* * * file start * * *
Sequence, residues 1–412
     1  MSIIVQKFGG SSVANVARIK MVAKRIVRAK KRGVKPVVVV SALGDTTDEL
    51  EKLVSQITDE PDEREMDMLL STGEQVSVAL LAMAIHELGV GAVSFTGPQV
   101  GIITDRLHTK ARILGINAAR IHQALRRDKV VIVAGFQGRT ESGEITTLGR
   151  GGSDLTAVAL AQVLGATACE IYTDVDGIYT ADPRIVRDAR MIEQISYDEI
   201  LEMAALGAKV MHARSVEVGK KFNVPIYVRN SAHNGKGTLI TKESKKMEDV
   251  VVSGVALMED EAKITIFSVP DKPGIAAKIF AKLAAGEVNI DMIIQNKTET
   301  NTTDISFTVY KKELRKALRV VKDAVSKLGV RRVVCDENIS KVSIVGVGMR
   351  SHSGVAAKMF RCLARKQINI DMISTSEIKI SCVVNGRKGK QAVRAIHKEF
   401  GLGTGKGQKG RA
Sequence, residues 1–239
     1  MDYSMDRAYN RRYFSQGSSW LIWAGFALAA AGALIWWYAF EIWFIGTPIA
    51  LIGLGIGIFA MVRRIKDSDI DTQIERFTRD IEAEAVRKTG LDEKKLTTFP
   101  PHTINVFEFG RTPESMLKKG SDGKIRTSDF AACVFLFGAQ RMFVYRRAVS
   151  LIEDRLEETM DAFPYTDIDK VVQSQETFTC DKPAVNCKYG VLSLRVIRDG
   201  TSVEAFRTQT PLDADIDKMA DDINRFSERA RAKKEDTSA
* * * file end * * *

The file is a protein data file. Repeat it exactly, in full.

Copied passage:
Sequence, residues 1–412
     1  MSIIVQKFGG SSVANVARIK MVAKRIVRAK KRGVKPVVVV SALGDTTDEL
    51  EKLVSQITDE PDEREMDMLL STGEQVSVAL LAMAIHELGV GAVSFTGPQV
   101  GIITDRLHTK ARILGINAAR IHQALRRDKV VIVAGFQGRT ESGEITTLGR
   151  GGSDLTAVAL AQVLGATACE IYTDVDGIYT ADPRIVRDAR MIEQISYDEI
   201  LEMAALGAKV MHARSVEVGK KFNVPIYVRN SAHNGKGTLI TKESKKMEDV
   251  VVSGVALMED EAKITIFSVP DKPGIAAKIF AKLAAGEVNI DMIIQNKTET
   301  NTTDISFTVY KKELRKALRV VKDAVSKLGV RRVVCDENIS KVSIVGVGMR
   351  SHSGVAAKMF RCLARKQINI DMISTSEIKI SCVVNGRKGK QAVRAIHKEF
   401  GLGTGKGQKG RA
Sequence, residues 1–239
     1  MDYSMDRAYN RRYFSQGSSW LIWAGFALAA AGALIWWYAF EIWFIGTPIA
    51  LIGLGIGIFA MVRRIKDSDI DTQIERFTRD IEAEAVRKTG LDEKKLTTFP
   101  PHTINVFEFG RTPESMLKKG SDGKIRTSDF AACVFLFGAQ RMFVYRRAVS
   151  LIEDRLEETM DAFPYTDIDK VVQSQETFTC DKPAVNCKYG VLSLRVIRDG
   201  TSVEAFRTQT PLDADIDKMA DDINRFSERA RAKKEDTSA